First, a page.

What it's like for your restaurant to be mobbed by food bloggers.




The snapchatress/blogger Vicki Winters looks like she is chilling, but don't let her fool you. She's always working those snapchat glasses.




We devoured delicious fresh made hummus with cooked chickpeas on the side, thick tasty tahini sauce, tasty mashed broad beans and salty black olives.




 I smooshed everything together and ate it with delicious warm pita bread. 




Were we done? Not yet. Three more places to visit. The only thing that saved us was walking all over town in between eatery visits.




Next stop was in Wadi Nisnas, the Arab quarter of the city. 




Large and airy with a generous seating area, Bakery Of the East serves up a fantastic array of traditional Arab and regional sweets.




After setting us loose to photograph the bakery's gorgeous assortment of goods, it was time to sample them.




We were offered assorted baklava, knafe, a sweet shredded wheat pastry with goat cheese and hHalva.






After consuming copious amounts of sweets, we thought we were done. 


What? We forgot the falafel. You know, the whole "When in Israel..." 




One again we took to the streets of Haifa to hike over to Falafel HaWadi Mishel.




Jessica explained this place specialized in green falafel made with the addition of parsley and cilantro making it extra tasty.




The super friendly staff put together generous plates for our group. 




In addition to the green falafel with tahini, we ate pickled baby eggplant and a variety of salads. 




At this point, I think we all needed a nap but it was time for a drink to cap the tour.




With bursting bellies, we trudged down to the port area to  Libira Brewpub, a local beer hall. 




Upon entering, we led past the beer vats and a wall mural with graphics depicting the fantasy animal logos of each of the brewery's offering.




The chic cavernous space had a large bar and plenty of seating.




Once seated, the owner joined us and explained the properties of each beer contained in the samplers they brought to the table. 




The samplers held Smoked Stout, Bitter Ale, Belgium Ale, Double Pils, and Weissbier. As we sipped away, I discovered my favorite of the bunch was the smoked stout. It was a like a meal in a glass. Not that I needed another meal. Ever.


Even though I was curious about their menu, Thank God no one put snacks on the table. I probably would have keeled over.





It was time for a break from food. Our perfect Haifa food ambassador, Jessica said goodbye and passed us over to the dynamic Vered Pashut from With Us for a private guided tour to some of the highlights of Haifa.  


Our first stop was a walk (or waddle at this point) over to the small German Colony section of Haifa.  As we explored the area, Vered explained the history and pointed out the architecture of the


Founded and developed by the German Templars, this German Protestant colony was an affluent presence in the city through two world wars.  During WWII, over 30% of the German were card-carrying members of the Nazi party flying the party's flag from their houses.


The Germans were eventually deported, leaving behind their stately homes that line the wide Ben-Gurion Boulevard that leads down to the port. 

This is not a cat, it's a Templar napkin which will be explained in a future post. 

Many of the homes have been restored to lively restaurants and boutique hotels. 


On the upper end of the street are the stunning Baha'i Gardens. We walked through the German Colony to the lower part of the gardens.


The gardens are comprised of 19 terraces. The inner section is open from 9 am until 12 pm. There are walking tours that a free of charge.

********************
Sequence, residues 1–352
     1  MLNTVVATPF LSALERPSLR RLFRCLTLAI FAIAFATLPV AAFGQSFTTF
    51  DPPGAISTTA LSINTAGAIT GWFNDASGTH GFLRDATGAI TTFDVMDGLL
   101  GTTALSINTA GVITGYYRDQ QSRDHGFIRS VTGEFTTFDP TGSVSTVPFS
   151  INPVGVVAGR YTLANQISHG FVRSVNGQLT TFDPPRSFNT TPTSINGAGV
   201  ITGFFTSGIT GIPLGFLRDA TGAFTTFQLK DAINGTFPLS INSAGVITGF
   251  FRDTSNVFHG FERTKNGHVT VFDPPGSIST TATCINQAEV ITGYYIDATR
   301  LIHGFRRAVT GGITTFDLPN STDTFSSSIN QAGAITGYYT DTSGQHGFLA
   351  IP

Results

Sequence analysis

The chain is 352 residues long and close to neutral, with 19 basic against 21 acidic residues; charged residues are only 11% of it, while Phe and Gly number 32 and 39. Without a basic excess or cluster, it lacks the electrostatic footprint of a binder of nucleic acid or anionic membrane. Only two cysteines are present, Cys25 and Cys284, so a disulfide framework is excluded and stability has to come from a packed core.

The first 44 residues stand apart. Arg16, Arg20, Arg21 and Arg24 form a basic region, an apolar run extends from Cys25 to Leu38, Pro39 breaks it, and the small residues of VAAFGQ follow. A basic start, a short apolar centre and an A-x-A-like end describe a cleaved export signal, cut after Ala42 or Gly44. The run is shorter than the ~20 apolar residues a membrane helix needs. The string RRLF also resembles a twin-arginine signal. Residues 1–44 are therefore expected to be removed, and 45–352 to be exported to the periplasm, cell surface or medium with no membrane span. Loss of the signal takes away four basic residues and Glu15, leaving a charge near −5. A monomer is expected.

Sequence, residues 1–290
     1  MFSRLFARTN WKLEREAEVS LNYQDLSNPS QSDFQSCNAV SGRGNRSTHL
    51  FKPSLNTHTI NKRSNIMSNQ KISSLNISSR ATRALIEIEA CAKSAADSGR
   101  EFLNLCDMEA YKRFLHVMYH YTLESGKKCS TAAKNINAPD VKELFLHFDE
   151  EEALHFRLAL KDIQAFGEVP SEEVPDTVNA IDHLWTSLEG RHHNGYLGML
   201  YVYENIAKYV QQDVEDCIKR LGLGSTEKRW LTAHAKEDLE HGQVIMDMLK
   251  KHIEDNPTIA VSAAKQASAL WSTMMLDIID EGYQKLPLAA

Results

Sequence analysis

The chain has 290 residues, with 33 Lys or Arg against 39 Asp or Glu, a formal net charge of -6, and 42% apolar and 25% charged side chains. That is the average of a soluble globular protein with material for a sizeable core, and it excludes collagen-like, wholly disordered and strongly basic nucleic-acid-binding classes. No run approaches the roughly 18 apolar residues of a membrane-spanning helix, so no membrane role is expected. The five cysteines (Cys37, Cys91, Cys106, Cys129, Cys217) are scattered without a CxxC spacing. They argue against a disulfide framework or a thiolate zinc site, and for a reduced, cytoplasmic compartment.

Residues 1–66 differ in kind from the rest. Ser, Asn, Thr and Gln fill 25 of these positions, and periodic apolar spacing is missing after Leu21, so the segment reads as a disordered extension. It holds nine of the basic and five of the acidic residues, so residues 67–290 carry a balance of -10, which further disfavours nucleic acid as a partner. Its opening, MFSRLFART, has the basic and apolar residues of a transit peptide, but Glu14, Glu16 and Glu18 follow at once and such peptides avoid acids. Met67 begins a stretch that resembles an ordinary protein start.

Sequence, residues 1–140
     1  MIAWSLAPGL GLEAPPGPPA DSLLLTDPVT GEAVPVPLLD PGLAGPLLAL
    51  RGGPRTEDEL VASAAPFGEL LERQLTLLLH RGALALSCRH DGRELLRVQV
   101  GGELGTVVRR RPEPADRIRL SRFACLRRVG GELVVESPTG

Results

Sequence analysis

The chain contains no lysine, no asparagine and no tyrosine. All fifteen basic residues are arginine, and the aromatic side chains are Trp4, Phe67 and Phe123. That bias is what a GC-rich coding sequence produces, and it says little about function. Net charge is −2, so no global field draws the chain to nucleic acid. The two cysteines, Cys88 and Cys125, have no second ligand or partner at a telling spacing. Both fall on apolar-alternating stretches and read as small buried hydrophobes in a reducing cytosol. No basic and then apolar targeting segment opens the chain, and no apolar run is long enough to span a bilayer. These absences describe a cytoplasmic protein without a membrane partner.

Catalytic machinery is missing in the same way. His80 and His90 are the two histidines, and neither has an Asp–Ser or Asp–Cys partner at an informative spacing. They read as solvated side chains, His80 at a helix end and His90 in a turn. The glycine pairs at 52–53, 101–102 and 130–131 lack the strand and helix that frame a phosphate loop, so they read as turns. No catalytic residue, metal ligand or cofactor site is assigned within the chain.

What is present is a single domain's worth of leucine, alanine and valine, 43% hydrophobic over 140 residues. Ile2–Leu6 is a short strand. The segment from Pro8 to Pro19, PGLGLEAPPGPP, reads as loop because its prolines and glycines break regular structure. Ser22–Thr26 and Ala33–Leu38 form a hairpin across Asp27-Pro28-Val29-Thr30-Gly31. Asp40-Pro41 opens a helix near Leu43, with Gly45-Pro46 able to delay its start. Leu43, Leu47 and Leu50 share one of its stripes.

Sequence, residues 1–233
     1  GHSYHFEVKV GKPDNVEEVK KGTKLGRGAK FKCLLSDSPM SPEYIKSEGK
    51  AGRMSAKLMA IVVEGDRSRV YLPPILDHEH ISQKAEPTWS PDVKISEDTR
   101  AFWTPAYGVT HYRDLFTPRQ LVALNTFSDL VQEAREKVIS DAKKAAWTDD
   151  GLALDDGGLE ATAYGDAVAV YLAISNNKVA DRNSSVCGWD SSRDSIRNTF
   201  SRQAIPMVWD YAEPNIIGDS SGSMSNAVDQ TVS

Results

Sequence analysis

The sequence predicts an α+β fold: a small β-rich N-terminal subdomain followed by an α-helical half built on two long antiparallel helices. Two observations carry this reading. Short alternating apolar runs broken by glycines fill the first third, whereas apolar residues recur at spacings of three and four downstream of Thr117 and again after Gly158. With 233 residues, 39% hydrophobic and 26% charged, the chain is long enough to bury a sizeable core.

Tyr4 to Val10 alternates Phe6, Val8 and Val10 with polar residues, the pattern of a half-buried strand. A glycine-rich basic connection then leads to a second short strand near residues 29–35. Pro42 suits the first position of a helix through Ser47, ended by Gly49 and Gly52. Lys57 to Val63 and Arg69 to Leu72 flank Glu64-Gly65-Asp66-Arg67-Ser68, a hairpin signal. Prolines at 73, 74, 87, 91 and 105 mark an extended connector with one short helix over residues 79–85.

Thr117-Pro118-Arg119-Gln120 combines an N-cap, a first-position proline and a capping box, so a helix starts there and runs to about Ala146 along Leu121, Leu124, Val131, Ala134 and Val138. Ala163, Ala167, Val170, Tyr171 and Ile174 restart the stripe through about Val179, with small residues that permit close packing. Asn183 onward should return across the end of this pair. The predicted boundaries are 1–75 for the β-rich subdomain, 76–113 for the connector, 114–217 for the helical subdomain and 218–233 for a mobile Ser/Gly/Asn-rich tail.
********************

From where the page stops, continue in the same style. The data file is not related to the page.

We were too late to visit the inner gardens so we explored the lower part, then we bussed up to the top part (right below the Dan Carmel Hotel) which offered spectacular views of not only the gardens but also the Port of Haifa. 


We spent a good deal of time exploring and photographing the accessible parts of the marvelous Baha'i Gardens.


It was time for happy hour. Instead of a glass of wine at a cafe, why not take us to a whole dang winery for a tasting?


Vortman Winery, a boutique establishment was simply put,  an unexpected delight. Location. Location. Location. 


We arrived at a beautiful villa nestled into a mountain with stunning views of the water. This intimate setting showcased the winery's finest offerings. 


A small trio was playing music and a few patrons were gathered on the villa's patio, enjoying the incredible view and glasses of wine. It was like being a guest in a private home. 


The owner, Hai Vortman, poured us taste after taste of his award-winning offerings hand made from grapes grown in the Mount Carmel region. 


A reformed corporate warrior, Hai decided to leave his job and follow his passion for growing grapes and producing wine. Lucky for us.


We had no idea why but we were all feeling a bit peckish so we indulged in the delectable local cheese, olive oil and bread spread out before us. 


I would have loved to hang out and watch the sun go down from Hai's lovely terrace but it was Friday in Israel and we joined the throngs of people in the ritual rushing to get home by sundown. We had a Shabbat dinner to get to at the hotel. 



The Dan Carmel not only put out an incredible feast for Shabbat, the hotel contain a synagogue to attend services before eating. 

Our group showered and dressed and reconvened at a table in the hotel's dining room. After Vick Winters recited the Shabbat blessing over challah, we ate and chatted about the amazing day we had in Haifa. Many of us can't wait to return.  


Our Group in Haifa
Front from left to right: Vera, Vicki, Laura, Ajay
Middle From left to right: Veronika, yours truly, Sher, Leslie
Back from left to right: Andrew, TomKerwin
I grow fresh spearmint in my garden. I was inspired to and made sure to plant additional amount this year. When I whip up a limonana, the first sip brings me back to my fantastic trip to Israel. Especially to the fabulous food in the city of Haifa and the wonderful people we met there who are so passionate about the city, it's history and culinary scene. 


1 comment:

  1. Yum yum yum. I can't wait to try the limonade. Thanks for the great share :-)
    Erin

    ReplyDelete